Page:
Gaming was a major pastime for the Elizabethans. As such, it is an important part of the Guilde of St. Ives' re-creation of the Elizabethan world. After working so hard, it was a way of releasing steam. Along with dancing and music, games were an important part of socializing, especially in England.
"It is a singularity in the nature of the English, that they are strangely addicted to all kinds of pleasure above all other nations. . . . All cities, towns, and villages swarm with companies of musicians and fiddlers, which are rare in other kingdoms. . . . Not to speak of frequent spectacles exhibited to the people by fencers, by walkers on ropes, and like men of activity, nor frequent companies of archers shooting in all the fields, nor of Saints' days, which the people not keeping (at least most of them, or with any devotion) for church service, yet keep for recreation of walking and gaming. What shall I say of dancing with curious and rural music, frequently used by the better sort . . . What shall I say of playing at cards and dice, frequently used by all sorts, rather as a trade than a recreation."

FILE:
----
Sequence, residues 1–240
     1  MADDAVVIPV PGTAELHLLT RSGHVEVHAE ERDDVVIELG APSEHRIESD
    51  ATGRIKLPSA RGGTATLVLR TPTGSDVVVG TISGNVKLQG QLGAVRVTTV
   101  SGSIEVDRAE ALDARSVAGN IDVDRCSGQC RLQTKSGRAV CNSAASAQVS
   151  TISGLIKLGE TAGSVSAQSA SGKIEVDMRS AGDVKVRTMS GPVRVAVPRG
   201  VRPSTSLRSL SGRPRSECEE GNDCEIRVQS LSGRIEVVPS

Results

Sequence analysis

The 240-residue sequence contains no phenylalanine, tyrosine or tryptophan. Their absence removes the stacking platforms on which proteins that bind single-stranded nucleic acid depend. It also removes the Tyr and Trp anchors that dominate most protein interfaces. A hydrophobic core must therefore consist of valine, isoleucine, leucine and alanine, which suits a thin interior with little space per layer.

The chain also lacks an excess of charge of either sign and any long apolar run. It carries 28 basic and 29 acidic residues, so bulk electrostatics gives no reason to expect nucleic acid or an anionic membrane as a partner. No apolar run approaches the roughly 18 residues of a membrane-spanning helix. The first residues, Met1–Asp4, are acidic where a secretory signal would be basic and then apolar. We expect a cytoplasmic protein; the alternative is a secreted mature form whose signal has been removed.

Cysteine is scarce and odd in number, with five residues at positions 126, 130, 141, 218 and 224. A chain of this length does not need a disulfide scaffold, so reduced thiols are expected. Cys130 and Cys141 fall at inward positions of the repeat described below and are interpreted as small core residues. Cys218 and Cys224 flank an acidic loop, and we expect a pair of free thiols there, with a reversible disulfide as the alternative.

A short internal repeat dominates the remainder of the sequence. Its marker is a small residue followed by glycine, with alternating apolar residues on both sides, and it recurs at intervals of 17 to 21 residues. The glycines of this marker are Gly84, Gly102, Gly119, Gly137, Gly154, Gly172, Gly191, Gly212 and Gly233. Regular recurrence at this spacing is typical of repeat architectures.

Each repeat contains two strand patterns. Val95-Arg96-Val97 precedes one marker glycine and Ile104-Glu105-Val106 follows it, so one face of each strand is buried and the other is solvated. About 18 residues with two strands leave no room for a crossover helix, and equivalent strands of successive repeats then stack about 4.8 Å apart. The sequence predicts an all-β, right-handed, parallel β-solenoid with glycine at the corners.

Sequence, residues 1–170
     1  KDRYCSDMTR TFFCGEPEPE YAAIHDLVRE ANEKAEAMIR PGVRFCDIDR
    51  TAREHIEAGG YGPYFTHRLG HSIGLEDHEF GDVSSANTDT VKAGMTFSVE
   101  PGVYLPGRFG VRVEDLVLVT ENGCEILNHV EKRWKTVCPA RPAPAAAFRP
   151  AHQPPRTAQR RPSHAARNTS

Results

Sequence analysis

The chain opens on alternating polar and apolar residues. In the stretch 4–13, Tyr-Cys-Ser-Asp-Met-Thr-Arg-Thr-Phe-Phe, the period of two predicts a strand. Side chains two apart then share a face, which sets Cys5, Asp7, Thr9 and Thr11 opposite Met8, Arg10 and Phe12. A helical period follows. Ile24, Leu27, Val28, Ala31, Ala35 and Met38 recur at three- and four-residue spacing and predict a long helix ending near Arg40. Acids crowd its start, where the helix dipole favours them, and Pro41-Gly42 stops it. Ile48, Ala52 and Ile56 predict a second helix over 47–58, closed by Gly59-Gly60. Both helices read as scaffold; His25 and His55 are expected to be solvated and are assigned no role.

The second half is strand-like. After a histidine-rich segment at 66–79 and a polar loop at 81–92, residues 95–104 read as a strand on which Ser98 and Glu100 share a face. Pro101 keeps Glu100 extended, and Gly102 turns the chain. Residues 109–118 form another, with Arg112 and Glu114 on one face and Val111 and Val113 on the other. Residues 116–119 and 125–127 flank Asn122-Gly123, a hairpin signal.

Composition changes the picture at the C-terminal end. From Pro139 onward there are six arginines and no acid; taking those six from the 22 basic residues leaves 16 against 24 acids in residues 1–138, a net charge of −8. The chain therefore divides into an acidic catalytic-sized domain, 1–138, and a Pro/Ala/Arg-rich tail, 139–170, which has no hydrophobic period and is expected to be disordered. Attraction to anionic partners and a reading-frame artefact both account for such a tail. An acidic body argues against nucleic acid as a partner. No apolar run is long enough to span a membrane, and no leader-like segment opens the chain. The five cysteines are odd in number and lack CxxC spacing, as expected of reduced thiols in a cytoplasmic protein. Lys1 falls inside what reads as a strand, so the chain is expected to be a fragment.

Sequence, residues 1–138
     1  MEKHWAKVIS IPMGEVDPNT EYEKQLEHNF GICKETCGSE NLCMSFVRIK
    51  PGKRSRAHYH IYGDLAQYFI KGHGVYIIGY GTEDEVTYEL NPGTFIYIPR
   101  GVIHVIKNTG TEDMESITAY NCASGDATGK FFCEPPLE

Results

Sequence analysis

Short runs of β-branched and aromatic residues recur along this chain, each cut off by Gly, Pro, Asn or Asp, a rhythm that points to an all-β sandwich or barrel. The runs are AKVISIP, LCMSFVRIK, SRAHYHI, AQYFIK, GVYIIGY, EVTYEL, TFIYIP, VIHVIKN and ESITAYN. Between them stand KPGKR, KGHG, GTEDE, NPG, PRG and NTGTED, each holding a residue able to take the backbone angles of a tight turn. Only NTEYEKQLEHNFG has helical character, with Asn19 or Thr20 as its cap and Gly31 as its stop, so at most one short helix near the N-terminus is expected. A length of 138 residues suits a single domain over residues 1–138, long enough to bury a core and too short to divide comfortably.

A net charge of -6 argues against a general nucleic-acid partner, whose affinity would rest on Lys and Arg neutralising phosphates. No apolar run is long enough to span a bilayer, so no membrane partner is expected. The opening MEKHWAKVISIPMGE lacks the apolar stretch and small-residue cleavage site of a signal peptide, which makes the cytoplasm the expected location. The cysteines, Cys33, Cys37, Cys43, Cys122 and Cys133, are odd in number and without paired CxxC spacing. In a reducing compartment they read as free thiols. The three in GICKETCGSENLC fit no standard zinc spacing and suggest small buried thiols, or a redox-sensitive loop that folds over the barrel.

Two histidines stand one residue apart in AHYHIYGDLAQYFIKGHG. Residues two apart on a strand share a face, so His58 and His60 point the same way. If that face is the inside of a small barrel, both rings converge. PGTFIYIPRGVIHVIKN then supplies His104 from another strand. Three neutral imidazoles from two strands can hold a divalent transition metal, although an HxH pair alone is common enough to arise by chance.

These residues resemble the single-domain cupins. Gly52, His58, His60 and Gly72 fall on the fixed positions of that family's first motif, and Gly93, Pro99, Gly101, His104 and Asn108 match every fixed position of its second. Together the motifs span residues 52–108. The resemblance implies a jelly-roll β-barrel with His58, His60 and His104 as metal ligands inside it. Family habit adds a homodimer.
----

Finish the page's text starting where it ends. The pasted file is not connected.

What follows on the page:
Attributed to Fynes Moryson, an Elizabethan traveler. Quoted in "Daily Life in Elizabethan England" by Jeffery L. Singman.
The English, even the lords, spent much time and much passion in their gaming. So much so that the observer above compares it to having a trade. Whether this means people earned a living at it or it was given as much devotion as a trade is not clear to me. It is clear to me that the games should be played with gusto and a desire to win. With this in mind, here are some gaming activities St. Ives members may find helpful to the cause.
Below is a list of games sorted by their equipment. Click on game name to get to the rules and the reference source. In the future, we will be adding on-line versions of the games you can play, but I wouldn't hold my breath.